it will start in the US....lets hope it stays there.

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I said to Mrs GOM about a week ago.

Give it 2-3 months & they will start with the redundacies.

all so inevitable.

They did the redundancies whilst the new second production line was being installed. It was voluntary. The number of volunteers did not match the amount that Honda wanted so they said to the workforce if you all take a 3% wage cut there will be no compulsory redundancies and you can also have 6 days extra paid leave.

Sounds like a very good deal to the workforce to me.

Where you get your "they will start with the redundancies" line from, sheesh.

Also I know the news does not reach the bunker that you live in but the fact that Nissan re-employed 150 of the employees they had made redundant, I am sure passed you by.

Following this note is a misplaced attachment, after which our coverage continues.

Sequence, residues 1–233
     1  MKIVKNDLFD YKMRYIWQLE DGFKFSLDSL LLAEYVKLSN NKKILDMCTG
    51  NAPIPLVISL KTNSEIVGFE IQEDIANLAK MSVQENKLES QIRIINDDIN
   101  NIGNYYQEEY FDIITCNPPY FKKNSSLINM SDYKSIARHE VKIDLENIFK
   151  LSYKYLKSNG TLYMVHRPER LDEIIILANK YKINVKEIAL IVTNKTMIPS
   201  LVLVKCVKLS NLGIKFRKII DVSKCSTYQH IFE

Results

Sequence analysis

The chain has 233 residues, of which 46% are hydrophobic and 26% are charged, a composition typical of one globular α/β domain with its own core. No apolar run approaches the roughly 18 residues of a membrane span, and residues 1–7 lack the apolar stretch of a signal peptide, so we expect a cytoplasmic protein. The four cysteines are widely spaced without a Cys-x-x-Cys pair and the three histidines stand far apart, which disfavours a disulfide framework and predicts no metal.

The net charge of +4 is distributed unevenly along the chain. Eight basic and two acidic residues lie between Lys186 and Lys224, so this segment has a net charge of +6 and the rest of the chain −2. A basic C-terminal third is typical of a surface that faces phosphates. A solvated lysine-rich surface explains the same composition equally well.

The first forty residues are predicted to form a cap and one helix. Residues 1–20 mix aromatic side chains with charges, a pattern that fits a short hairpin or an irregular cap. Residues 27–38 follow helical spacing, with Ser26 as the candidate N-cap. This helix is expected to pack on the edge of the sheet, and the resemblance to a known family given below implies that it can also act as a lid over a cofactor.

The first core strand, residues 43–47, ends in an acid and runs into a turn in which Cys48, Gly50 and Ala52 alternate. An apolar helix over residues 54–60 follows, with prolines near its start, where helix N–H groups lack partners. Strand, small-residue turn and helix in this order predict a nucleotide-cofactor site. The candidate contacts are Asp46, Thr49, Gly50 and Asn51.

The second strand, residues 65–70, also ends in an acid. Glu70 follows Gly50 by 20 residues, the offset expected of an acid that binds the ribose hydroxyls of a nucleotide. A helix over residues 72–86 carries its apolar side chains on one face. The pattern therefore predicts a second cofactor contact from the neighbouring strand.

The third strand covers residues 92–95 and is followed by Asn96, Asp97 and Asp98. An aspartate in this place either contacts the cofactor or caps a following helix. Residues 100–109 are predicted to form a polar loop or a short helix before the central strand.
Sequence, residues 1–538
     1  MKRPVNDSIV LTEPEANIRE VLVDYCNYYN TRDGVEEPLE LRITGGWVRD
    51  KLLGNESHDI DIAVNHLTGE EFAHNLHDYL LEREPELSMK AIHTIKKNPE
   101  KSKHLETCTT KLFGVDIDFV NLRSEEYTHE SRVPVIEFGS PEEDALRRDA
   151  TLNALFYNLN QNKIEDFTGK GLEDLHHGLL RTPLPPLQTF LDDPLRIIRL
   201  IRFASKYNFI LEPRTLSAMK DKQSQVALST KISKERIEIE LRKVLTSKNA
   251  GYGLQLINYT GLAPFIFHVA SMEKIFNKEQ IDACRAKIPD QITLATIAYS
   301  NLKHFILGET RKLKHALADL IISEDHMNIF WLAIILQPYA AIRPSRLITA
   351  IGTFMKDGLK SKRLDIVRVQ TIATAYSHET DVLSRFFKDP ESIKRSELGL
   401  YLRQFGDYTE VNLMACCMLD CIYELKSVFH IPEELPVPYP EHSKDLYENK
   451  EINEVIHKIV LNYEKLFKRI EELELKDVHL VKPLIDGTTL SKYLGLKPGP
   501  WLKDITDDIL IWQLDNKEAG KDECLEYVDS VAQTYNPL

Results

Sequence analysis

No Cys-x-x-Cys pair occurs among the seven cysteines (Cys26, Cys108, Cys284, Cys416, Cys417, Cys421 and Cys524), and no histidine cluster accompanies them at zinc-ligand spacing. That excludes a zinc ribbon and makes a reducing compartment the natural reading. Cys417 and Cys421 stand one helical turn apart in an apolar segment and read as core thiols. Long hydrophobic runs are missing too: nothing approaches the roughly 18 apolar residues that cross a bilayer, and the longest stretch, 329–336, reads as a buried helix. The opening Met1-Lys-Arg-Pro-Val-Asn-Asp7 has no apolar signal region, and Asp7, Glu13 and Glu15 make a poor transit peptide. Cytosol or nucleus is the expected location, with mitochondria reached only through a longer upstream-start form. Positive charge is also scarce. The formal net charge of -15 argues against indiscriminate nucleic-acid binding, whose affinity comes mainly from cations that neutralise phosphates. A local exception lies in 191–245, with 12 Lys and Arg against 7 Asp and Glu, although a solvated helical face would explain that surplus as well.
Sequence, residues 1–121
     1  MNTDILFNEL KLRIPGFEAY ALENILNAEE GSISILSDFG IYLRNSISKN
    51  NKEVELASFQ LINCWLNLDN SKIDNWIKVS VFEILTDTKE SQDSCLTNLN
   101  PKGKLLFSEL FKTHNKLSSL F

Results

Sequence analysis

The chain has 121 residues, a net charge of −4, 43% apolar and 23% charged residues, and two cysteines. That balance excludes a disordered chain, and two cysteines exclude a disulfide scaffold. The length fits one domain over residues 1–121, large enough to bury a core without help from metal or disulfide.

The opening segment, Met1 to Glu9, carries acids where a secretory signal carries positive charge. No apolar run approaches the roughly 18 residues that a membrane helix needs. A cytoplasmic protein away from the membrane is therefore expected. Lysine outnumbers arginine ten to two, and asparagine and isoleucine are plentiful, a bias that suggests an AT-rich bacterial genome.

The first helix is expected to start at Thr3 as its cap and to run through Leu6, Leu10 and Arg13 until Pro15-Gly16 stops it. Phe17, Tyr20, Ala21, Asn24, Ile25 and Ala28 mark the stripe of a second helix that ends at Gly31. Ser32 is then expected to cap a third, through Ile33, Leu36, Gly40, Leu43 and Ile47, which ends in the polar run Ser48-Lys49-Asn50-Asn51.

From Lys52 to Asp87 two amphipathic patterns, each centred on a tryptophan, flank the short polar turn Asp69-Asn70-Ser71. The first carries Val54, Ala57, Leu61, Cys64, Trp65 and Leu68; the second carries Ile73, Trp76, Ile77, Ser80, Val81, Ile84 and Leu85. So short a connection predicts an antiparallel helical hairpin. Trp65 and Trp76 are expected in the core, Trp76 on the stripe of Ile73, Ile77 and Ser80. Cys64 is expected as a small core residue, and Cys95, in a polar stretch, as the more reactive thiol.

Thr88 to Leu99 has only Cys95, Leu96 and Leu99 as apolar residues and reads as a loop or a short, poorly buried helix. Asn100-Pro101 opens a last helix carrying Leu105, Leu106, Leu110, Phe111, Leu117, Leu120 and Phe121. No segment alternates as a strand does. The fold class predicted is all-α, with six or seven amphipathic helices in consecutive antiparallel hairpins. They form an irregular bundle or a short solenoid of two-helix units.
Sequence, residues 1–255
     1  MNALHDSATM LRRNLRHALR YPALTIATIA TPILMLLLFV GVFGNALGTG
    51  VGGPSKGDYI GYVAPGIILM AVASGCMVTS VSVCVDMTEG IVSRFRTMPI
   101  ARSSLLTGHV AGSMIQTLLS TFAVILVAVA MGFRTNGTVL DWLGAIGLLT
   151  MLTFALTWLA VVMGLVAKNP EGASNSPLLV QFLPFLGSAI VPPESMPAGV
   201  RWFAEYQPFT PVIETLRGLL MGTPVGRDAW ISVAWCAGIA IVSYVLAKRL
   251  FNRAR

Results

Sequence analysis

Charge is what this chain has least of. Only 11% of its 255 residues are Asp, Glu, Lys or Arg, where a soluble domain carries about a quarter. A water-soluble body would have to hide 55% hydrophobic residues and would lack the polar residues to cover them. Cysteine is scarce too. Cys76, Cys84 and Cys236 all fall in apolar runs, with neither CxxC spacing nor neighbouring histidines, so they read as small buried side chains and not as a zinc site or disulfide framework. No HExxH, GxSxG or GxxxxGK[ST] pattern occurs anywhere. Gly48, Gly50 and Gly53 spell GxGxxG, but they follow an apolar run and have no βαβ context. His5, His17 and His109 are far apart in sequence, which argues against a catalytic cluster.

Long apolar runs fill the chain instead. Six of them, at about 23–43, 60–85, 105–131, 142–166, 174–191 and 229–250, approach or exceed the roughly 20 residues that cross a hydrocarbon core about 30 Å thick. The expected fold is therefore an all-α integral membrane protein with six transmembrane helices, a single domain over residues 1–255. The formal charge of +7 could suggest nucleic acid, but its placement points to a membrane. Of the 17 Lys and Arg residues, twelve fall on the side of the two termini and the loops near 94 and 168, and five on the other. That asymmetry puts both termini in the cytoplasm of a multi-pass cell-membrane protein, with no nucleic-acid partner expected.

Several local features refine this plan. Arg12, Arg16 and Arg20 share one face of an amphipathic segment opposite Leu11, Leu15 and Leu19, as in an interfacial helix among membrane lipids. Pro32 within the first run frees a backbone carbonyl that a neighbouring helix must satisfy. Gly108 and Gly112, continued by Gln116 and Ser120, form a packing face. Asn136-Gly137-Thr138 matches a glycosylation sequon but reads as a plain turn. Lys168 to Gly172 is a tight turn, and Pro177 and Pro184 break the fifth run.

Keeping reading the nutter websites and moaning to Mrs GOM.

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T. D. Williams, one of the three largest transport companies in Wales, have just imposed a 10% pay cut on all staff, both drivers and office staff and they have been given a "take it or leave it" piece of paper to sign to agree to their new terms.

That's probably about a quarter of a million quid a year which won't be getting spent down the local shops, and so they will close and the staff get the boot and so the cycle continues....

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T. D. Williams, one of the three largest transport companies in Wales, have just imposed a 10% pay cut on all staff, both drivers and office staff and they have been given a "take it or leave it" piece of paper to sign to agree to their new terms.

That's probably about a quarter of a million quid a year which won't be getting spent down the local shops, and so they will close and the staff get the boot and so the cycle continues....

It can quickly become a self feeding cycle, I wonder if any of this has been put into the banking stress test models?